In terms of the Case-Shiller index, L.A. continues to hang out in the center of the 20 cities the index tracks. It's July performance nearly matches the index's 20-city composite of +1.6-percent for the period.

Nationally, every city in the Case-Shiller index saw prices move up in July — as well as in June. Some cities also saw big hikes from last August, with Phoenix taking the lead, at more then 16 percent. It seems pretty clear at this point that housing in the U.S. has established a bottom. Case-Shiller notes that prices have now recovered to 2003 levels, for the cities the index tracks.

Read More...

Your U.S. economy is sending mixed signals

Retailers Report Stronger Than Expected Earnings For Janurary

Spencer Platt/Getty Images

Shoppers and pedestrians in New York City. Consumer confidence declined to Nov. 2011 levels in August, according to the Conference Board.

It's starting to look like housing prices in the U.S. are forming a bottom. The latest Case-Shiller index, which lags by several months much of the other data on housing cranked out by various sources, is showing an ascending price trend across the country. Month after month, prices have moved up (although not always improving on the previous month's positive movement).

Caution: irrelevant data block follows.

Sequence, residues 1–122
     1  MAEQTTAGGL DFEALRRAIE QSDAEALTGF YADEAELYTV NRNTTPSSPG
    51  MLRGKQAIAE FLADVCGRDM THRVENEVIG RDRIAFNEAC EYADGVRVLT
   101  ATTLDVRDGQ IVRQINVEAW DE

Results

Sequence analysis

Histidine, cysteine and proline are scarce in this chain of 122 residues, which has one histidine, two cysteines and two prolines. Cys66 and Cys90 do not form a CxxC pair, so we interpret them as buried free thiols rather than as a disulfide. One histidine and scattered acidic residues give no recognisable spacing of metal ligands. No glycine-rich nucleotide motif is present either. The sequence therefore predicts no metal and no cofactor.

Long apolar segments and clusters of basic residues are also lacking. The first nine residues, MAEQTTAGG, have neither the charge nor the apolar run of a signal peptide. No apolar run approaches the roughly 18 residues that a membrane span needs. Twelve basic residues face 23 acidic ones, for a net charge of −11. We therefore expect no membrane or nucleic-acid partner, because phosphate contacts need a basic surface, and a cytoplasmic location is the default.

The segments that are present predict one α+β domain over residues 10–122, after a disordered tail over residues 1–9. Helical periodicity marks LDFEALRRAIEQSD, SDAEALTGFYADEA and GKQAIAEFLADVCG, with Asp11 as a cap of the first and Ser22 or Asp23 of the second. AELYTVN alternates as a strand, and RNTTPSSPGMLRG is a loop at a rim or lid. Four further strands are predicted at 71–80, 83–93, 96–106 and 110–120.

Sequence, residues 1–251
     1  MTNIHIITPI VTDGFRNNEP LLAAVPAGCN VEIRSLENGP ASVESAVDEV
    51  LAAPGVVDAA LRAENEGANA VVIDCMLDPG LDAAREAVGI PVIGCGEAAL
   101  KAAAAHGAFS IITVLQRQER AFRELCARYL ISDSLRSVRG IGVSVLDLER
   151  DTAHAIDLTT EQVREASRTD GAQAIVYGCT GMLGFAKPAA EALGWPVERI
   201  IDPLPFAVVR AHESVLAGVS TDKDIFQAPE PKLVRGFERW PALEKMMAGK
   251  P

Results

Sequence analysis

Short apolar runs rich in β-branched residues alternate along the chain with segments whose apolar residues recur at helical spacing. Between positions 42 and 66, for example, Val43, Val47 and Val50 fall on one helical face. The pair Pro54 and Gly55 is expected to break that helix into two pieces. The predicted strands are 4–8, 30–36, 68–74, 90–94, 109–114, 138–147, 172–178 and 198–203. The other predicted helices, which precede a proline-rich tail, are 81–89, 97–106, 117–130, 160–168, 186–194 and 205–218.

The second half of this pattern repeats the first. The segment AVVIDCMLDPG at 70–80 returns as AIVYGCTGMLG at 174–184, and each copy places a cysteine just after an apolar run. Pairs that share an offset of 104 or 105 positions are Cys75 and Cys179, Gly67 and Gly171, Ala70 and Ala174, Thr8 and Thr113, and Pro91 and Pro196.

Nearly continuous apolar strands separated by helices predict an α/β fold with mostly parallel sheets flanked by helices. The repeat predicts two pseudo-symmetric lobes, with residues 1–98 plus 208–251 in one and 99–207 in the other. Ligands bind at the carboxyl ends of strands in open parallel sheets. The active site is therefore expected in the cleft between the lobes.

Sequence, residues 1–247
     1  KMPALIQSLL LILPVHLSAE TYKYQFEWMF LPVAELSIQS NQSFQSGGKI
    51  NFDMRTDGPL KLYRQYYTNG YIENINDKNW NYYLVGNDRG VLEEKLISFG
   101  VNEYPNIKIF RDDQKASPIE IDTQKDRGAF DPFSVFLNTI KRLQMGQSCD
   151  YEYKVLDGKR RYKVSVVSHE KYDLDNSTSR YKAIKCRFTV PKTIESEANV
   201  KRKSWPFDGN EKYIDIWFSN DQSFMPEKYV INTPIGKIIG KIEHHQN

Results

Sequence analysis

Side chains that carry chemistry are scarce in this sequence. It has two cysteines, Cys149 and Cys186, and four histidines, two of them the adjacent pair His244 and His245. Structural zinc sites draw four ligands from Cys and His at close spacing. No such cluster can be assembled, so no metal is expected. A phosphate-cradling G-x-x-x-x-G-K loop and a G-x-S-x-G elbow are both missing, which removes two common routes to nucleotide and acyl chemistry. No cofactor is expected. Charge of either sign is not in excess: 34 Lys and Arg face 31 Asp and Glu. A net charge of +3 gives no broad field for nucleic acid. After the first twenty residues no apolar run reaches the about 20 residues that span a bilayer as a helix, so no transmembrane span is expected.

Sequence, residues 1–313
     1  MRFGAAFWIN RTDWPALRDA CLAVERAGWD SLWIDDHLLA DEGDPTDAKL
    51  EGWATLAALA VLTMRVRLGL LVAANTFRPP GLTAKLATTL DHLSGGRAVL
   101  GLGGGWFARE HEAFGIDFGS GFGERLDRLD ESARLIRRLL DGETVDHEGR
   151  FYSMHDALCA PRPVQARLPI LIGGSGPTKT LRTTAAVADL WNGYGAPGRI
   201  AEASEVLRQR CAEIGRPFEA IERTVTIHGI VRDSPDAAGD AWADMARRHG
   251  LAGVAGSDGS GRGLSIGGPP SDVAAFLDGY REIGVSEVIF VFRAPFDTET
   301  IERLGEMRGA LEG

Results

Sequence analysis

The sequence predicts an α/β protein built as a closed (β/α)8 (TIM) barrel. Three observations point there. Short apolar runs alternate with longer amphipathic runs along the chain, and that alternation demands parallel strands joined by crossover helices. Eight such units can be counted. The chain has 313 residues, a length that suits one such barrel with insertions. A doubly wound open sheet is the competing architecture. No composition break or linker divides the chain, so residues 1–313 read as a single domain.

Importantly, this is price we're talking about, not sales. Sales are important — they provide a sense of how much demand is in the market — but unless you look at sales data over a number of months, you can get distracted by noise. Rising prices, on the other hand, signal that homes are gaining value as an asset. This is what anyone who's planning to buy or hoping to get out of being underwater on a mortgage wants to hear.

Read More...

April Case-Shiller Index: Price slide could be slowing in L.A.

April 2012 Case-Shiller

S&P

L.A. home prices are down from last April, but they've been trending up modestly for the first part of 2012.